Military experts beg Congress to quit ‘shenanigans,’ say budget battle hurts readiness

By DefenseFOXBusiness

America's military in jeopardy from continuing resolutions?

White House Director of Legislative Affairs Marc Short on immigration reform and the risks of a government shutdown.

Republicans were hoping to vote on another stopgap budget measure on Thursday to avoid a government shutdown, White House sources told FOX Business. But while some near-term issues can be averted with another continuing resolution (CR), the U.S. military could be negatively affected.

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“Nothing has had a greater impact on combat readiness than CRs … and at a time when security threats are high, we really do need the predictability and the budget certainty that we don’t have with CRs,” chief Pentagon spokesperson Dana W. White said during a press conference last month.

With another CR, funding will continue at 2017 levels, which poses a number of distinct challenges as the military seeks to advance new projects and strategies.

“The biggest problem is that while a budget increase was approved, that’s not going into effect yet,” Rebecca Grant, military analyst and president of IRIS Independent Research, told FOX Business. “When you add that to having had years of sequestration and CRs, we’re supposed to be improving readiness [but] the budget shenanigans are holding us back.”

Training plans, maintenance programs and acquisitions can all be halted without new appropriations. Additionally, plans for contracts may be put on hold, which can impact the military’s ability to meet combat commanders’ requirements.

"What the CR says is, 'Stop, wait, don't award that contract yet,'” David Norquist, comptroller at the U.S. Department of Defense, told reporters.

For the U.S. Air Force, another CR will cut funding for 4,000 airmen and eliminate more than $2 billion in operations and maintenance, according to Grant.

Continuing resolutions also waste military dollars. U.S. Navy Secretary Richard Spencer said the branch has squandered $4 billion since 2011 due to the use of CRs in lieu of concrete budget appropriations.

“We have put $4 billion in a trash can, poured lighter fluid on it, and burned it,” Spencer said in December. “Four billion is enough to buy a squadron of F-35s, two Arleigh Burke-class destroyers, 3,000 Harpoon missiles. It’s enough money to buy us additional capacity that we need. Instead, it’s lost, because of inefficacy in the ways of the continuing resolution.”

Underlying the budget battle is the national defense strategy laid out by President Donald Trump last month, which included not only an expansion of the military, but also economic strength and trade policy reforms. Meanwhile, under the sequester, the Pentagon faces a spending limit for the coming fiscal year of $549 billion, which is less than the amount requested in the fiscal-year 2018 defense budget.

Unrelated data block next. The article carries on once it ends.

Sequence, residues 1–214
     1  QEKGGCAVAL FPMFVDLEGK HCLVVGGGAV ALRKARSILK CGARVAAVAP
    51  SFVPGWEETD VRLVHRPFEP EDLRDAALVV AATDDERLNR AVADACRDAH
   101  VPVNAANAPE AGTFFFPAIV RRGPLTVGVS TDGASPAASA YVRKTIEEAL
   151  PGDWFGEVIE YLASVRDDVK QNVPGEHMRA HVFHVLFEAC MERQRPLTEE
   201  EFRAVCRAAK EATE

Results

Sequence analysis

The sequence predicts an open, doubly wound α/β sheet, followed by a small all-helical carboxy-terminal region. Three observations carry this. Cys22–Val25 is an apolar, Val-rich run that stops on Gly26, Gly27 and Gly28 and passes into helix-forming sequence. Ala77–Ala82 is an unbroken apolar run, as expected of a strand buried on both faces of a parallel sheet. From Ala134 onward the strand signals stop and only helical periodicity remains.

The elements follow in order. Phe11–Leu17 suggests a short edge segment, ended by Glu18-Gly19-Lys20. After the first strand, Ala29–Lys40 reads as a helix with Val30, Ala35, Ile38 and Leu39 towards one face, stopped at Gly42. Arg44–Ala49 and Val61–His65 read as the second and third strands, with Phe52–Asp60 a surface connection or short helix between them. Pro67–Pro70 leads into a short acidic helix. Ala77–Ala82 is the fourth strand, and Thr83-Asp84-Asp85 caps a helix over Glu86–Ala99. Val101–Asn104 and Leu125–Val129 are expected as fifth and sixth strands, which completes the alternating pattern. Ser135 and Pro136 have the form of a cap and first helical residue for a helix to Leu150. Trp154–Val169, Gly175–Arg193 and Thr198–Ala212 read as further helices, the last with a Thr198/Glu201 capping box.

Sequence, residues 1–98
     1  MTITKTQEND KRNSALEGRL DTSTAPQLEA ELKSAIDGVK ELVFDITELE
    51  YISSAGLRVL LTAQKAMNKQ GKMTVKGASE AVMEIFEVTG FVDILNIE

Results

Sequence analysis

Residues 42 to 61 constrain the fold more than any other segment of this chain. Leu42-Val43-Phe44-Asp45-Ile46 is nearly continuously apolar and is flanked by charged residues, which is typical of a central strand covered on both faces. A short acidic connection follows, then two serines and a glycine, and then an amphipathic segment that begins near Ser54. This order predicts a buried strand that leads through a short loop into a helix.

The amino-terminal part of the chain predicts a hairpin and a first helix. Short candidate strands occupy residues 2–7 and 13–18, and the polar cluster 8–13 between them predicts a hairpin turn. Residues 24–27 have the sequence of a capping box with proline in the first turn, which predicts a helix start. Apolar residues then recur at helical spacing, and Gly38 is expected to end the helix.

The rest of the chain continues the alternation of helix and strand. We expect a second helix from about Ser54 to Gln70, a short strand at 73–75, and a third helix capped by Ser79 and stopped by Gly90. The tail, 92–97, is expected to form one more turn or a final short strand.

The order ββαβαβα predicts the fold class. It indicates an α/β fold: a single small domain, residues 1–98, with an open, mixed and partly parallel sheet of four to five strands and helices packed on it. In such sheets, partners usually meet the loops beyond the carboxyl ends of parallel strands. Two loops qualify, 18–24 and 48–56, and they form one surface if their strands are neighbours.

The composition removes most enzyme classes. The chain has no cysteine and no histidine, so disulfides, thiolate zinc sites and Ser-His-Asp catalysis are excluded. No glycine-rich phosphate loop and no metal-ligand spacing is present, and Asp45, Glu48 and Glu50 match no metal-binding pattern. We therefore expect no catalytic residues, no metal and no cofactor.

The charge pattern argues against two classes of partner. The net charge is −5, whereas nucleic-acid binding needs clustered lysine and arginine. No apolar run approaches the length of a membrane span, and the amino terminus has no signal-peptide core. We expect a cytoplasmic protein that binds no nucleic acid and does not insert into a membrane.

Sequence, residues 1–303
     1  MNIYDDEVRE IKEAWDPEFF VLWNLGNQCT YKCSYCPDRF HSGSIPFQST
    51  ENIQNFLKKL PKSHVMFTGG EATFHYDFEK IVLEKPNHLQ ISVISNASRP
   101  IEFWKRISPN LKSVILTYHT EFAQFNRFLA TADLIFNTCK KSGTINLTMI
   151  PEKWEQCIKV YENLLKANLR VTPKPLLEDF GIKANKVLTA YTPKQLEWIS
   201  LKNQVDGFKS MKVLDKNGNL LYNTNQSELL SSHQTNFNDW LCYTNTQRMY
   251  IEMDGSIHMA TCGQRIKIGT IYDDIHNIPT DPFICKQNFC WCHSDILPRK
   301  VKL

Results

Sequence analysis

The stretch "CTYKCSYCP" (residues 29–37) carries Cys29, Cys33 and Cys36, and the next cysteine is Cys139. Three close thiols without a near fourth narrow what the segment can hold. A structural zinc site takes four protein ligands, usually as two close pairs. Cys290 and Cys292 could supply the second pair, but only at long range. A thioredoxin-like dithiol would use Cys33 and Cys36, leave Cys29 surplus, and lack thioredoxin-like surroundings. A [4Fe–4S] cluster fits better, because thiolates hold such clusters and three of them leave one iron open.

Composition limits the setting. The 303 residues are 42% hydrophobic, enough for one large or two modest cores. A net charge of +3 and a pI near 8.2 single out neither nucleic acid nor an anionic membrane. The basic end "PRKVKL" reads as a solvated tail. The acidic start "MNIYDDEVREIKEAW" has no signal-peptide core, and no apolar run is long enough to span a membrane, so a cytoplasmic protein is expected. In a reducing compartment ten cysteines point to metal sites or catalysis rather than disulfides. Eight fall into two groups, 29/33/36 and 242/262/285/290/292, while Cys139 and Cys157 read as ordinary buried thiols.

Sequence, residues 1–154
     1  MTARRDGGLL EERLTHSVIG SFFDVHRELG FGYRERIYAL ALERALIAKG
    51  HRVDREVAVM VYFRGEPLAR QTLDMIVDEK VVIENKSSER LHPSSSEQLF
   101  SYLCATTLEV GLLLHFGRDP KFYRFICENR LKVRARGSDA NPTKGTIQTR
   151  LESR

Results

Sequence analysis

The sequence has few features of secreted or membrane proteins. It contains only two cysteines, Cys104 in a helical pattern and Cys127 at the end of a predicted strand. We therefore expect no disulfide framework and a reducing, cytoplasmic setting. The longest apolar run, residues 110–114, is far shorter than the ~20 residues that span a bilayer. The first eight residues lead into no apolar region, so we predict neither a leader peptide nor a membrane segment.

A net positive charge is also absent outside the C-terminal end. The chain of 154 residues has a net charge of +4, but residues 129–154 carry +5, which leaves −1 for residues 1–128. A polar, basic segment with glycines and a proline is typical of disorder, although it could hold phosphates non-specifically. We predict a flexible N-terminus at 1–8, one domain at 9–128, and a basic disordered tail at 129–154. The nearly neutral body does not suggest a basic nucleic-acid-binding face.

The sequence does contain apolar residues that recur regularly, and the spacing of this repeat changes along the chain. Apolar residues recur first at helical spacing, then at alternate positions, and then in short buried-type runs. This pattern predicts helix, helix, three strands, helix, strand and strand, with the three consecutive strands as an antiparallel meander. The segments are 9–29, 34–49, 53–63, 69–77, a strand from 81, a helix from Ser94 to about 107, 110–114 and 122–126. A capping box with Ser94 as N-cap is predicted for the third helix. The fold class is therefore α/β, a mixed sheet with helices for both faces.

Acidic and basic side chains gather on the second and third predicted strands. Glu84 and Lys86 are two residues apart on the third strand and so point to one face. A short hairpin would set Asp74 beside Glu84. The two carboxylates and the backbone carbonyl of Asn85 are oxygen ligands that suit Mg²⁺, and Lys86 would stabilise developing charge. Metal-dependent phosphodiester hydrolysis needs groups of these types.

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“There’s no question that [Trump’s military strategy] is quite ambitious,” Christopher A. Preble, vice president for defense and foreign policy studies at The Cato Institute, told FOX Business. “There’s a gap between what we ask them to do and the resources we’ve provided.”

Preble said given the current situation, there are only two options: increase resources or change the strategy.

In order to increase resources, Congress would need to vote to raise the budget caps, put in place under the Budget Control Act (BCA) of 2011, or get rid of them entirely.

“If sequestration happens, it’s a cut of $52 million to the FY ‘18 budget. It negatively impacts readiness and our lethality,” White, the Pentagon spokesperson, said.

While Preble is in favor of changing the strategy and thinks the military can efficiently operate within the confines of the budget caps, Grant believes they should be eliminated so the U.S. military can keep up with emerging threats, including those from Iran, Russia and China.

“These budget caps don’t reflect today’s strategic reality,” she said. “We can’t keep pace with military developments around the world and do this childish budgeting process.”

The overall budget battle on Capitol Hill is not chiefly focused on military spending, centering instead on issues like funding for immigrants who entered the U.S. as children, otherwise known as “Dreamers.” Yet, the stopgap measure that could be put up for a vote on Thursday does not even address that Democratic concern, kicking the can down the road instead.

“We know that the gridlock right now is kind of [about other issues, but] it’s wrong to have our military suffer,” Grant said.

Republican leadership has expressed confidence that agreement on a CR will be reached before the Friday deadline. Trump, however, addressed the possibility of a shutdown in a tweet Thursday morning, saying it would be "devastating" for the military.

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